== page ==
Best place to work: McDonald’s France

French people like to do things their own way. When they brought McDonald’s to their country, they customized it right down to the famous yellow on red logo that we have in the United States. In France, they like a more subdued green in the background.

Although the French are justifiably proud of their national cuisine, they have also become quite taken with perhaps that most American of foods: McDonald’s. The American fast-food giant has been so successful in France that until recently it was the second most profitable market for McDonalds in the world after the United States. McDonalds achieved success in France partly by adapting their restaurant to local tastes. For example NPR’s Elenor Beardsley reports that McDonald’s in France provides a much more elegant atmosphere.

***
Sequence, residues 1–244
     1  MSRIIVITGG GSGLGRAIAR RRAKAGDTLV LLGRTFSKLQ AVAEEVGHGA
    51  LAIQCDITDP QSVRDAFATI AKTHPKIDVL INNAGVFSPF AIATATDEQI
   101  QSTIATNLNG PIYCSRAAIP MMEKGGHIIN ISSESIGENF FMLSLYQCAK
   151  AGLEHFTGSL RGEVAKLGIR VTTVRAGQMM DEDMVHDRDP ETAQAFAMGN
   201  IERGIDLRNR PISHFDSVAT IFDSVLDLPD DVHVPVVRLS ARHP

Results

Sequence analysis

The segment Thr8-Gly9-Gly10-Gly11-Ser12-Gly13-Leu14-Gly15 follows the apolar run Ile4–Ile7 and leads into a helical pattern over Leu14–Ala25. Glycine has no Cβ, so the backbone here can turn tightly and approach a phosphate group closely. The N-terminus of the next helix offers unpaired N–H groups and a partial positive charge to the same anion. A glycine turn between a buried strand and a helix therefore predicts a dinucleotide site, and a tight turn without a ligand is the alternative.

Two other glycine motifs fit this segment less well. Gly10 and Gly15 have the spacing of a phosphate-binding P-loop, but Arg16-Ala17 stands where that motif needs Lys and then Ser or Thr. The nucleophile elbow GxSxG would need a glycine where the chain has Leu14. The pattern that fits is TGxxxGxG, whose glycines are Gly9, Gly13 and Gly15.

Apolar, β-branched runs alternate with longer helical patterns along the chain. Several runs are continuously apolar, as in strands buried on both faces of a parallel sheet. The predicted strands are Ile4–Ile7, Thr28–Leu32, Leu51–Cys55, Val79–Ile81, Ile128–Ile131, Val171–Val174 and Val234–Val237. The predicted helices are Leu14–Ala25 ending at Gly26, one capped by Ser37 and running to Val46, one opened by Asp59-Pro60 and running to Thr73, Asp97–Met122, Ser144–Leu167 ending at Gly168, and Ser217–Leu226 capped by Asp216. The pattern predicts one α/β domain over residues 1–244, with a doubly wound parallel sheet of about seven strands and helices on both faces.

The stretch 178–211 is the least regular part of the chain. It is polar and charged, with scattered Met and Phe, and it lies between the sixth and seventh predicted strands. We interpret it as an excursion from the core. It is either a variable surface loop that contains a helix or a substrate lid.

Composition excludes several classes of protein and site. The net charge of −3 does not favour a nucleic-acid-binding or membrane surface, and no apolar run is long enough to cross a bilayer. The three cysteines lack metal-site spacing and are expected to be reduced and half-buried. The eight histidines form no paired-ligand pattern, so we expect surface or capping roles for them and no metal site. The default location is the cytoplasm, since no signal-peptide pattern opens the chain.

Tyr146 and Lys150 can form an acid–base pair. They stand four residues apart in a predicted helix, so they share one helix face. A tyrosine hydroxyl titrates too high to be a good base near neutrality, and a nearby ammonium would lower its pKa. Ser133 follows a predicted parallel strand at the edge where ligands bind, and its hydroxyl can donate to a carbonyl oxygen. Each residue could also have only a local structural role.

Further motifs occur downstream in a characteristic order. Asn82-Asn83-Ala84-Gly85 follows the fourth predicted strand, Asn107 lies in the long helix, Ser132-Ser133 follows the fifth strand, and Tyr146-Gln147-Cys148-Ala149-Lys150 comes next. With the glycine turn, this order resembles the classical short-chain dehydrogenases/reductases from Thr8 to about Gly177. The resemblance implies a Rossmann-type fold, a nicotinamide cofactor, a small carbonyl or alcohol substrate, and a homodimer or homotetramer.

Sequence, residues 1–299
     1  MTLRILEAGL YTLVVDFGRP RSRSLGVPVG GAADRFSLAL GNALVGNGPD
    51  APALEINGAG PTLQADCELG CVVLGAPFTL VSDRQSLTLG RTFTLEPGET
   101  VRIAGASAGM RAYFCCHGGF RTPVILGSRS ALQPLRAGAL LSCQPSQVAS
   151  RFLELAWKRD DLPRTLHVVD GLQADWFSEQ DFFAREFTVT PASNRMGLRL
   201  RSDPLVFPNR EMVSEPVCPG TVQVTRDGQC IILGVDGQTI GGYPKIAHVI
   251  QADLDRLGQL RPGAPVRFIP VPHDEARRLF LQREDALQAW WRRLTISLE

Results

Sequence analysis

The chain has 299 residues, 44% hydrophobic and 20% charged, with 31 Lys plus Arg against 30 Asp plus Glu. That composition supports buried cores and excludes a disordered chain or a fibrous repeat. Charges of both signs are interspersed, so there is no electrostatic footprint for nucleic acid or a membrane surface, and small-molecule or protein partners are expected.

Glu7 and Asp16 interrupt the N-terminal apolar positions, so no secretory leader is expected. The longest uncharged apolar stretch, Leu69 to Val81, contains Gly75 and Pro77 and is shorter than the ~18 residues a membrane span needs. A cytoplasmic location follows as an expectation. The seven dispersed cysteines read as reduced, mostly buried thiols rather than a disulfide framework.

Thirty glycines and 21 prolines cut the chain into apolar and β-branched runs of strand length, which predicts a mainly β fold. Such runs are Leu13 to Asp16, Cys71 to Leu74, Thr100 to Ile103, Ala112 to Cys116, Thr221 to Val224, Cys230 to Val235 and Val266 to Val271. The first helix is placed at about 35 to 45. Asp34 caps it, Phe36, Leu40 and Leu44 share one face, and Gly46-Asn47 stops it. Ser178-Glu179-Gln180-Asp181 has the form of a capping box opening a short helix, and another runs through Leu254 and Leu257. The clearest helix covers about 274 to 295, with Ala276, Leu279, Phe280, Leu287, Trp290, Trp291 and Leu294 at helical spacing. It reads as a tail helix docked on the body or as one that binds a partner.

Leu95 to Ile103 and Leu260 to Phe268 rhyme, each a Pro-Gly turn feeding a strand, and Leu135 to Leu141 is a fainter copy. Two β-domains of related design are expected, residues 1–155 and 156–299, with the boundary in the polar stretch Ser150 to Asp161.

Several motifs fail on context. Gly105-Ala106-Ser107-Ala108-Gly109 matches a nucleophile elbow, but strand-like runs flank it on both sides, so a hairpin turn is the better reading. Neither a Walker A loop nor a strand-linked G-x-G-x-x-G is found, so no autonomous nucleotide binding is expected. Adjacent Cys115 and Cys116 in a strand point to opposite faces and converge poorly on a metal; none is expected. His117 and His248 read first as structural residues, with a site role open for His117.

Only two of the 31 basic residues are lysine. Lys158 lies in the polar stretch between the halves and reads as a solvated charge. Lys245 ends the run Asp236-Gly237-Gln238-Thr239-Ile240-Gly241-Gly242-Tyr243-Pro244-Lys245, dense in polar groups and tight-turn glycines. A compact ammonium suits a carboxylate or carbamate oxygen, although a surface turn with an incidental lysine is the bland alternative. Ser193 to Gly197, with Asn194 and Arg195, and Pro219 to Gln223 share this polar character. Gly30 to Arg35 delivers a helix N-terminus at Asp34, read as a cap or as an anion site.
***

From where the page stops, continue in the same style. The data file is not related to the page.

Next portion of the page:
Even in these harried times, the French spend more than two hours a day at the table. Sitting down to a meal is a cornerstone of French culture, and McDonald’s seems to get that. French McDonald’s are spacious, tastefully decorated restaurants that encourage people to take their time while eating. And the cozy McCafe’s with their plush chairs and sofas have become an extension to many restaurants.

The food is different too. In France McDonald’s uses mostly locally-sourced, high-quality ingredients like cheeses that include chevre, Roquefort, cantal and blue cheese, rather than the “homogeneous plastic mass” which is the legal term for the “American cheese” used in America. One reason French McDonald’s have better food is due to activists like José Bové who went to jail for destroying a McDonald’s as a symbolic protest against low-quality globalized food.

In the long run, this may have helped McDonald’s achieve much greater success than it’s arch rival Burger King which didn’t adapt to French tastes.  McDonalds started serving McBeer and produced local dishes designed by French chefs such as gallette des rois cakes and the McBaguette with artisanal jams.  A Wharton analysis cited a 2009 study that found that more than 70% of the sandwiches eaten in France were baguette sandwiches.